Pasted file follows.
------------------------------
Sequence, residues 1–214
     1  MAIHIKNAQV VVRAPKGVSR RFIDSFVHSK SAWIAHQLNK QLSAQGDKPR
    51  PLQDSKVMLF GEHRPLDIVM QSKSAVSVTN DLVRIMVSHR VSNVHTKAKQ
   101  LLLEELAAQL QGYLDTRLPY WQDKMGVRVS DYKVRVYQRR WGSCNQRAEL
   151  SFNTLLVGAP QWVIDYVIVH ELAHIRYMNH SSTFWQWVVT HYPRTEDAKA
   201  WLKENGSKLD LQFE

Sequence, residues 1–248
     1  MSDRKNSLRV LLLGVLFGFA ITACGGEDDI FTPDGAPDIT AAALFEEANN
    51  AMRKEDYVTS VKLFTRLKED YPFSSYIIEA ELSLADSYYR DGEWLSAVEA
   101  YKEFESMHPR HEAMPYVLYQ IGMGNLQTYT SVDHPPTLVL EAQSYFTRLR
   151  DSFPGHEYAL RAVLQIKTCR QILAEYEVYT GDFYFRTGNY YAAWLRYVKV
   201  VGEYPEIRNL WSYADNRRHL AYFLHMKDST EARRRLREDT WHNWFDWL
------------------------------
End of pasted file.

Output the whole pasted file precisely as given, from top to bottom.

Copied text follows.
Sequence, residues 1–214
     1  MAIHIKNAQV VVRAPKGVSR RFIDSFVHSK SAWIAHQLNK QLSAQGDKPR
    51  PLQDSKVMLF GEHRPLDIVM QSKSAVSVTN DLVRIMVSHR VSNVHTKAKQ
   101  LLLEELAAQL QGYLDTRLPY WQDKMGVRVS DYKVRVYQRR WGSCNQRAEL
   151  SFNTLLVGAP QWVIDYVIVH ELAHIRYMNH SSTFWQWVVT HYPRTEDAKA
   201  WLKENGSKLD LQFE

Sequence, residues 1–248
     1  MSDRKNSLRV LLLGVLFGFA ITACGGEDDI FTPDGAPDIT AAALFEEANN
    51  AMRKEDYVTS VKLFTRLKED YPFSSYIIEA ELSLADSYYR DGEWLSAVEA
   101  YKEFESMHPR HEAMPYVLYQ IGMGNLQTYT SVDHPPTLVL EAQSYFTRLR
   151  DSFPGHEYAL RAVLQIKTCR QILAEYEVYT GDFYFRTGNY YAAWLRYVKV
   201  VGEYPEIRNL WSYADNRRHL AYFLHMKDST EARRRLREDT WHNWFDWL